If you need to book an appointment at New York City’s Immigration and Customs Enforcement (ICE) office for an asylum claim, be prepared to wait. At least until late 2032, according to a report by the New York Post.
A document reviewed by the outlet showed that migrants released at the southern border have a nearly decade-long wait for processing in the nation’s largest city. This means that the asylum seekers — with legitimate claims or not — have almost 10 years to stay.
"The backlog means [illegal aliens] may have to wait almost a decade just to enter the immigration court process — which is beset by further delays stretching out years, sources said."https://t.co/oyRMGj0XDT
— NumbersUSA (@NumbersUSA) March 14, 2023
It also means that New York City is a prime destination for migrants with questionable claims. Thomas Homan, acting ICE director from Jan. 2017 to June 2018, described the strategy as “actually pretty clever.”
Under President Joe Biden’s catch-and-release program, over 800,000 illegal migrants were apprehended and then let go at the border between March 2021 and Feb. 2023. It should be no surprise that the Big Apple was their number one destination.
As of last month, NYC ICE had nearly 40,000 asylum appointments booked.
While the Democratic White House’s open border policies remain in effect, more than 5.5 million illegals have crossed from Mexico during Biden’s watch. An estimated 1.2 million completely evaded law enforcement.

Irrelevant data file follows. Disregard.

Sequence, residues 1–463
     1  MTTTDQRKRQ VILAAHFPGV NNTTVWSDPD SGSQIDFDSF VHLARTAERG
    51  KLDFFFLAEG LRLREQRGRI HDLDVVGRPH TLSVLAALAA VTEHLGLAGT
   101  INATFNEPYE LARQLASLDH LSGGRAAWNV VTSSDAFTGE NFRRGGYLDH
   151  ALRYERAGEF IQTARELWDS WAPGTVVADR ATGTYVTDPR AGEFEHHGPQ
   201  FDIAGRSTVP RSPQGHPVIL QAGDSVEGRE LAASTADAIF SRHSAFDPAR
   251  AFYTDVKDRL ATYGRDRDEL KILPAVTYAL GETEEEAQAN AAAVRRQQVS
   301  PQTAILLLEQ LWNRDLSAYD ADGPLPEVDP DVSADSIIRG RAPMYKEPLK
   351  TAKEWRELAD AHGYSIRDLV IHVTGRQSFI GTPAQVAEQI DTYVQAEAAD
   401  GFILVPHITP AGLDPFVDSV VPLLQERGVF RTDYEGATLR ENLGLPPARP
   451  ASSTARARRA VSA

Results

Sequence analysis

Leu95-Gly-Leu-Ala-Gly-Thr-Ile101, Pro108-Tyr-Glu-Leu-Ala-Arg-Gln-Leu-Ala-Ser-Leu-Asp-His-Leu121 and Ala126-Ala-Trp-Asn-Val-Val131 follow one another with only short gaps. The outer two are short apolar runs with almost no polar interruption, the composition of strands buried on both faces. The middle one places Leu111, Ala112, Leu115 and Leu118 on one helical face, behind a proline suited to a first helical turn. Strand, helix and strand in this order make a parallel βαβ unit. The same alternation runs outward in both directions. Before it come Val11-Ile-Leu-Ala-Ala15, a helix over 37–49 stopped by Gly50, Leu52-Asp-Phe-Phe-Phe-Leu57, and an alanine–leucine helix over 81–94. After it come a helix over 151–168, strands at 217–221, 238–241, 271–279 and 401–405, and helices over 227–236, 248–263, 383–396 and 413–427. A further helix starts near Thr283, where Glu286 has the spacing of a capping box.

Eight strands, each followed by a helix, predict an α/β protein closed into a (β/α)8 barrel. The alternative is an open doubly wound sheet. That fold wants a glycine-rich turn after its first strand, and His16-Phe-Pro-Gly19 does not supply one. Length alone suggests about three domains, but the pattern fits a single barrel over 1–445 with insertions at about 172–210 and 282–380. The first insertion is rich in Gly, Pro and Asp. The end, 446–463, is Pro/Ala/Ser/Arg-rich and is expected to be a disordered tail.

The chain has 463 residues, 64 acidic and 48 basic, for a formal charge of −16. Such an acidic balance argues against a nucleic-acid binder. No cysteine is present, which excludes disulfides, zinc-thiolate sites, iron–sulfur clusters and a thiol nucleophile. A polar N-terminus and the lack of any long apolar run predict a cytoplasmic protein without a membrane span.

Furthermore, the enormous backlog creates a decade to wait just to get the immigration court process started. That process, once begun, can be several years in the works.
NYC is far and away the nation’s leader for the length of time to wait for an ICE appointment. However, the situation is dire in several other metropolitan areas.
For example, Atlanta is “mostly booked” through Jan. 2027 and San Antonio is “fully booked” for the same period. Chicago and Baltimore are “mostly booked” through early 2026 and Milwaukee and Indianapolis report being “fully booked” until early that year.
According to former Virginia-based immigration judge Matt O’Brien, some migrants shop around to either get a faster hearing date or to find one that will linger on for several years.
He noted that many individuals are “trying to get in courts where everything is delayed so they can get work authorization.” Their goal? To “basically hang out and wait for the next amnesty.”